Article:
Wednesday, August 17, 2011

American Brilliant


Our Guest Blogger today is Sharon Winsauer. Welcome Sharon!

Sharon will be teaching at class at Woven Art how how to knit this magnificent blanket. The real thing is at the shop for a few weeks. You must see this in person. Details about the class are on the WovenArt website.


Connections & Coincidences

Pat Richie has a beautiful collection of American Cut Glass. Several months ago, she approached me with an idea; wouldn’t it be neat if we could replicate some of the cut glass motifs in knitting? The result was the throw, American Brilliant,  with each block design based on a glass motif.

American Brilliant  is a convergence of two time honored, creative skills, knitting and cutting glass.
The art of cutting glass appears to have originated in Egypt as early as  1500 B.C.  It slowly moved into Europe, appearing in the British Isles in the early 1700s. From there, it traveled to the colonies, with the first American Glass appearing around 1771.   Knitting followed a very similar path.  The earliest known examples were found in Egypt  and ad moved to Europe by the 14th century.  By the 17th & 18th Centuries, knitting involved whole families in areas like Ireland.  Knitting, likewise, traveled to North America with the  colonists.

To commemorate the 1910 appearance of Halley’s Comet, several cutting firms designed swirling, spiraling patterns and named them “Comet.”   It is fitting that the very center of this knitting pattern, American Brilliant, forms a similar large “comet” swirl as 1910 was also the year of Elizabeth Zimmerman’s birth.  Her influence continues to spiral outward and touch knitters all over the world today.

Perhaps it is more than coincidence that the fusion of cut glass and knitting took place in the Lansing, Michigan area.  The designers of the pattern, Pat Richie and Sharon Winsauer, are both from the Lansing Area, and one of the greatest designers of cut glass patterns, William Anderson, established his cutting house,  back in 1902, on Kalamazoo St in Lansing,

Sharon Winsauer
Ravelry’s CrazyLaceLady

Monday, August 8, 2011

Startitis

I need some rules. I really want to start a new project, but I have a few that are very close to completion. I love FO's. The sense of accomplishment, the fun of showing off, the garment in my closet, or to give as a gift. But mostly I love that a finished project frees me up to start something new.

Starting something new is kind of like new love. Choosing the yarn, determining which pattern, swatching and casting on is all foreplay. Then there are several days of progress when I can thin of little else. I dream about it at night. But then, it becomes routine and familiar. I still love my projects, but I crave a new thrill.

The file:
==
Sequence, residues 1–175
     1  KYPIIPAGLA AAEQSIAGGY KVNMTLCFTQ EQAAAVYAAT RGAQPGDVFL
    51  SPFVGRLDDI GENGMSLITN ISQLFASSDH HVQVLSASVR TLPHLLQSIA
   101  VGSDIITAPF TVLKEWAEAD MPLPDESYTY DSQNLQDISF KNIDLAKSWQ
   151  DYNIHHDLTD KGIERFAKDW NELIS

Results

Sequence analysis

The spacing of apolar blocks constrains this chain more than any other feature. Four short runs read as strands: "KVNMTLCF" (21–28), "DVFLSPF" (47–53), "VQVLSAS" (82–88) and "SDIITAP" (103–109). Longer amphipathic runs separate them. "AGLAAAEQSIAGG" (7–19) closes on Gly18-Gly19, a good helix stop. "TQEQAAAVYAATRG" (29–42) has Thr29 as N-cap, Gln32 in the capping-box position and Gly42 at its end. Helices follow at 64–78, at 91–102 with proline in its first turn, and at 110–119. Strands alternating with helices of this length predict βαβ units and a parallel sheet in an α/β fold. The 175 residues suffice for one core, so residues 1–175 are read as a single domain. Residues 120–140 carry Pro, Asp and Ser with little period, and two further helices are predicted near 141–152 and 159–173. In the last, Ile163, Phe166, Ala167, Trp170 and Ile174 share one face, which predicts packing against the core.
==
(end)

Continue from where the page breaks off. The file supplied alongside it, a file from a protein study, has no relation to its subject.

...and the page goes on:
Don't think for a minute that I am monogamous. I just try to have one project of each of several types going at once.
Currently I have a sock that is 2 inches away from being finished. Then I can start a new pair of socks. I have been working on this pair for over a year. If I don't finish them before starting new ones, I never will.

I also have what I call a long knit, and that would be Volt. She is a beautiful shawl designed by Grace Anna Farrow. I have been working on this for several months. I am now working on the I-cord edging. When that is done I can start my Knit, Swirl sweater.

My loom at home was empty, so I could justify a new weaving project. Hand towels for the bathroom at Woven art
I just started a new crochet project, and have ten more in my head. None of them are small. Most are experimental.

I have two shop projects that I mostly work on while at the shop. They are definitely shop models, made in my size. But they don't count as projects.

Time to stop rambling, and start some finishing.

Thursday, August 4, 2011

Sketching with Yarn

I took my rigid heddle loom on a recent lake vacation. I threaded two heddles to be able to do the Theo Moorman technique.  Ms. Moorman developed her technique as a quicker way to do tapestry like images in weaving. However, she soon discovered that her technique also allows for other possibilities. Because you have a ground cloth under the image providing structure, your images do not have to create the plain weave cloth, as is true in tapestry. The image is superficial.
Using Mountain Meadows fingering wool for the fat warp, and moriah merino lace weight wool for the skinny weft, I threaded the loom about 12 inches wide. My though was to create a sketching surface that would allow me to capture my scenery in an intuitive way.  What you see here is my first attempt.
I plan to return to Elk Lake, East side this time, and do s few more sketches. Get a series going.